If you've ever wondered what simpler times sounded like for Dolly Parton, ponder no longer for this reissue of one of her earliest recordings (originally released in 1959—she was thirteen!) will enlighten you. Complete with packaging that is "as true to the original as we could make it", the upbeat A-side and comparatively tamer “Girl Left Alone" on the flip, a track written by Parton, her Aunt Dorothy Jo Owens, and her Uncle Bill Owens (who sound as if they may be backing up her vocals on the recording), makes this record interesting and downright adorable as it is. However, I can't help but wonder how these songs might sound slowed down to 33rpm.



Moondog
- Moondog (LP)

What is it, Jazz? Classical? Some kinda symphonic soundtrack? With spoken word? Yes, and maybe no, but surely there is no mistaking that Moondog's seminal 1969 self-titled album is one of those rare and thrilling cosmic oddities that must to be heard to be believed. If you haven't heard it, you probably don't own it, and that means that Amoeba, and the internet, has failed you. But no worries, Moondog's Moondog is getting a fresh pressing on white wax for Record Store Day this year (its first pressing in over a decade) making it a prime item to fill that Moondog-shaped void in your vinyl collection. Folks may be too hasty to declare this or that to be "everything" these days, but this record is pretty much it.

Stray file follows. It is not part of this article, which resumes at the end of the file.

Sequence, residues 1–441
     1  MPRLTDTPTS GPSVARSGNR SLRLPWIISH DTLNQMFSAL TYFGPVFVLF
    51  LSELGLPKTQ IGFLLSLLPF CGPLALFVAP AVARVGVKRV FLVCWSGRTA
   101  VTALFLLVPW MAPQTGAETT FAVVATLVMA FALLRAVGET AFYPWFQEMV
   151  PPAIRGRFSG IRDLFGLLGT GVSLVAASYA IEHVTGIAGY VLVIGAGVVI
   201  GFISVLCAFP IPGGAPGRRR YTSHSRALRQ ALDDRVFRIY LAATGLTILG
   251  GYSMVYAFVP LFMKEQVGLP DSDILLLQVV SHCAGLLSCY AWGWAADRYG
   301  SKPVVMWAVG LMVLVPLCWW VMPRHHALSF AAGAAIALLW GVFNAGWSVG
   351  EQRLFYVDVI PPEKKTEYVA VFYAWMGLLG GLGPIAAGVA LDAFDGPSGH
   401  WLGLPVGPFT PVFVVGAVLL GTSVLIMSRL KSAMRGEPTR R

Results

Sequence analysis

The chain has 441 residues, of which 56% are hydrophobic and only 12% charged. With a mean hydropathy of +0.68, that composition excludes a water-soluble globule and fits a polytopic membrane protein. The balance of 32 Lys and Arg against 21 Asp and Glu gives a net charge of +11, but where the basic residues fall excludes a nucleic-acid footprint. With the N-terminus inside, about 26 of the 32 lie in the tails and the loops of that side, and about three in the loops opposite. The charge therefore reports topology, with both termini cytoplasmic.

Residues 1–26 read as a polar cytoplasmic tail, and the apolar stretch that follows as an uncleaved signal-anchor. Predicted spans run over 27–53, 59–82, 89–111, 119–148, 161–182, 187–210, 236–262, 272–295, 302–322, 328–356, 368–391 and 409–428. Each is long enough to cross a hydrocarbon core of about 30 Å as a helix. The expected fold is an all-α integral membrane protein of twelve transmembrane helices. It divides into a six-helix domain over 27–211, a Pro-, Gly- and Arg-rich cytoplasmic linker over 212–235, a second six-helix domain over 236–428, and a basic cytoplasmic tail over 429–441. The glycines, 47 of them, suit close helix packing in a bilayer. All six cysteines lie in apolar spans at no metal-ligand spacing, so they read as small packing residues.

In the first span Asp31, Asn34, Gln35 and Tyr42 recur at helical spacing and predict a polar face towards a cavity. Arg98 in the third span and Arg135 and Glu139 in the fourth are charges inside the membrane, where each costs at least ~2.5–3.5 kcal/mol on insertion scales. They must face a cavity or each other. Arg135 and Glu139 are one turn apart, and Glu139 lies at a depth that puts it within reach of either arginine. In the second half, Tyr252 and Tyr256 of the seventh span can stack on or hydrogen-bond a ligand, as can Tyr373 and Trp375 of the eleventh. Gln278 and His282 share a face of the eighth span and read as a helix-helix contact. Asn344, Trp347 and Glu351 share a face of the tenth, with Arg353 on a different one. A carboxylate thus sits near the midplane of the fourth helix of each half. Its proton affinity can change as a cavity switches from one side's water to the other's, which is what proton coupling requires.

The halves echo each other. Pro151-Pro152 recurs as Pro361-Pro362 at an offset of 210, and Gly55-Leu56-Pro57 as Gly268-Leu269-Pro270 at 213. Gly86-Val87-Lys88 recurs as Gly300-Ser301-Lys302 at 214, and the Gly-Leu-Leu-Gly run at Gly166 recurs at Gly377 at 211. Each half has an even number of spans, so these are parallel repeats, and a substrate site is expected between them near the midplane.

Various Artists - Sharon Signs To Cherry Red (LP)